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Cancer, hope and daring to live

To be hopeful, to help one another and to go along with the changes in life. These are actions that can help people find safety in the event of a serious illness such as cancer, according to Ulrika Sandén. She recently defended her PhD thesis in Innovation Engineering at Lund University’s Faculty of Engineering (LTH). The thesis is about living with cancer.

– Published 3 December 2021

a person sitting in the foreground looking out at a stormy sea. Photo.
Finding contentment in the moment can be a way forward in case of severe illness. Photo: Deniz Fuchidzhiev/Unsplash

People who suspect that something is wrong, with symptoms that have yet to be explained, often find themselves in a kind of waiting room. The wait can continue for a long time, and in that void, many thoughts and feeling usually arise that are hard to deal with. Once the cancer diagnosis is confirmed, the initial wait for the results is over, but another period of waiting and other emotions take over. Physical and mental symptoms need to be dealt with, and it is not unusual to experience a fear of death.

A path to safety

Ulrika Sandén interviewed people with cancer and their relatives. Many of them bear witness to the passive waiting they have experienced. With the help of user-driven innovation, Ulrika Sandén explored how Momentary Contentment Theory can be used to find alternatives to waiting, and paths to increased security. The theory is based on companionship, proactivity, and acceptance of life’s unpredictability – and it contributes to cognitive and emotional ways to feel safe and find enjoyment in life despite an illness.

It is a form of destiny readiness. An acceptance of life’s unpredictability, and a way to become resilient in the fluctuations of a life that occur when one has cancer, according to Ulrika Sandén.

“By letting go of passive hope for good results, and instead preparing yourself for different kinds of outcomes, it may keep you from dwelling on it, which is a big part of the anxiety so many people struggle with,” she says.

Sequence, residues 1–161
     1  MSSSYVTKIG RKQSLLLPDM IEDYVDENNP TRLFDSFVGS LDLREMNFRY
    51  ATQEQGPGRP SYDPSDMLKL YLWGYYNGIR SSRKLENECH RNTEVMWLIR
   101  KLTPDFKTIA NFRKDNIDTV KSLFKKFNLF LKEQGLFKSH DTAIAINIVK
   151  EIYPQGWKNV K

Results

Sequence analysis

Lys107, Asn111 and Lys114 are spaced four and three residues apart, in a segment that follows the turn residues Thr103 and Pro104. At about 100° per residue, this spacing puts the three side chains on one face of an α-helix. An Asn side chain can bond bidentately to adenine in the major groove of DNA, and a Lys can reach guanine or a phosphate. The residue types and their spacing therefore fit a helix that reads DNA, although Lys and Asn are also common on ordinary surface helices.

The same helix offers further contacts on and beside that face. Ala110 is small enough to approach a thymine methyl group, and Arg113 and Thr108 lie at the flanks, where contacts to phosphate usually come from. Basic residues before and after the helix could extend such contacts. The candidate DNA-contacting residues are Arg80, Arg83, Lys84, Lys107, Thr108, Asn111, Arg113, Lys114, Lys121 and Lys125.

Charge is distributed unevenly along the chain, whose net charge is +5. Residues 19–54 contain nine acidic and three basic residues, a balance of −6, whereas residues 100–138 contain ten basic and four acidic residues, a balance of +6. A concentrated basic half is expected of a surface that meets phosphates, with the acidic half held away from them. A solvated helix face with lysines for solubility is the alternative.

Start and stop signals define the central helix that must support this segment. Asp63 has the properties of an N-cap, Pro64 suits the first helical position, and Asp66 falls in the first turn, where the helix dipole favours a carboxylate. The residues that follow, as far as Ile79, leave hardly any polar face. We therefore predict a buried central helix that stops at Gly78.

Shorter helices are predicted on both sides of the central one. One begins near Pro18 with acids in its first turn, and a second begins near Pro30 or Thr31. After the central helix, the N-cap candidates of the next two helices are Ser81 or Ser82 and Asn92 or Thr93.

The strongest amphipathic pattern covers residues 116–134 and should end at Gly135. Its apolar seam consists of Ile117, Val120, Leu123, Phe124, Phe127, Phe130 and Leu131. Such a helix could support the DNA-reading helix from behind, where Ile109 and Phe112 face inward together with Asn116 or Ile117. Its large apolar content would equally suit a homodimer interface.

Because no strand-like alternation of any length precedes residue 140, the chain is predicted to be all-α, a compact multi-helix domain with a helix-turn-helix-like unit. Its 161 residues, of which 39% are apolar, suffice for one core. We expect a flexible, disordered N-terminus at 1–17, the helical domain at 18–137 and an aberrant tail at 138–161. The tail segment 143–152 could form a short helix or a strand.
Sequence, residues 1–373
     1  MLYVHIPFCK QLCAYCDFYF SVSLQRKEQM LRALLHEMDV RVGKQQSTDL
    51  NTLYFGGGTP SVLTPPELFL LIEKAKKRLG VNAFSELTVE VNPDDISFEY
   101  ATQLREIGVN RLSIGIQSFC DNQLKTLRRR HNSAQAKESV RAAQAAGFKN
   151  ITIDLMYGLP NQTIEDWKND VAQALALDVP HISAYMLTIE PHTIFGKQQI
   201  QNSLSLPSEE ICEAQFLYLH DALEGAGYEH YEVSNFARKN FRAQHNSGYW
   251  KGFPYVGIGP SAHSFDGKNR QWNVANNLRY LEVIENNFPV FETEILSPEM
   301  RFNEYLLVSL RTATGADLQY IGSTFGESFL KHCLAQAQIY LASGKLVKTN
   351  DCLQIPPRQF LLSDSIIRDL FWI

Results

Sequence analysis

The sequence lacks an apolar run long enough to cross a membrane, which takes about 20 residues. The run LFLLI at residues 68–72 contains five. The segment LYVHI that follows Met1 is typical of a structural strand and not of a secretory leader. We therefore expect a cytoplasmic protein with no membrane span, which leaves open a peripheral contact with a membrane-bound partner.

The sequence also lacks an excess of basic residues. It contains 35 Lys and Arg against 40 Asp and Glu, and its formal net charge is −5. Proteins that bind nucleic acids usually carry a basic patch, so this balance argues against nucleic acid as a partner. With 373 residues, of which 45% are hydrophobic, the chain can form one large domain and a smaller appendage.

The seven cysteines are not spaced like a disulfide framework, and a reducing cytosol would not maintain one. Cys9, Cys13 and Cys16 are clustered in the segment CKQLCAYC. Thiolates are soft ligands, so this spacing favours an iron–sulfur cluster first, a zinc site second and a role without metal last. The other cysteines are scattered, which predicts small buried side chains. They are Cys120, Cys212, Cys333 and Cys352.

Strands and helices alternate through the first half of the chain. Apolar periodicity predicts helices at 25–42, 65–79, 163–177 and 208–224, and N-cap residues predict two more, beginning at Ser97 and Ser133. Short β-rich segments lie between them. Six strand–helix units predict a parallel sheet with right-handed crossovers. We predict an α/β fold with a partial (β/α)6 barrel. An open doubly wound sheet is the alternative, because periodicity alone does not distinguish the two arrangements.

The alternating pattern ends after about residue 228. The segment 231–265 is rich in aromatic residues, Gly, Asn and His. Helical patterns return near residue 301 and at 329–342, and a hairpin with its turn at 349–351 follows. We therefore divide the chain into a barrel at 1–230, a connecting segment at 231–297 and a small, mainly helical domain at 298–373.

Filling the present with value

In her research, Ulrika Sandén also addresses middle consciousness, a concept that together with activity and destiny readiness capture the ability to handle life´s most difficult situations. As a patient, many new situations in life need to be dealt with at the same time as your body is not feeling well. In order to cope with everyday life, you may need to place certain emotions and experiences in a middle consciousness, a kind of standby mode.

“For example, you can use black humor, nature experiences, and art to reduce anxiety in everyday life,” says Ulrika Sandén.

Momentary Contentment Theory explains and illustrates how it is possible to take oneself back to the present moment through activity, and by dividing your time into shorter intervals. Here is how Ulrika summarizes her work:

“By dividing time into smaller units and combining that with activities, you can better handle difficult situations than by just being passive. Activities make you stay in the moment, and in the moment there is always something to do to make life a little bit better. Each time difficulties are dealt with there is an increase in hopefulness, an inner hope that says, ‘I can do this’,” says Ulrika Sandén.

Her own experience as inspiration for research

Ulrika Sandén has her own experience with cancer as a patient and a relative. She is not doing research on herself per se, but in the course of her work on the thesis, she was able to make use of her own experiences as a source of inspiration along with her deep rooted understanding.

“It is absolutely fantastic that I have been able to go from practicing reading, to finding my way home and making coffee all the way to defending my PhD thesis. I just had to immerse myself in this journey,” says Ulrika Sandén.

portrait of Ulrika Sandén. Photo.

Ulrika Sandén

Ulrika Sandén’s thesis is available at Lund University Research Portal: The art of bouncing back: Patient perspective on cancer rehabilitation.

Ulrika Sandén’s research, based on the patient perspective, is useful for patients, relatives and healthcare professionals. Work is now underway on a report containing concrete suggestions and tips related to patients’ everyday lives.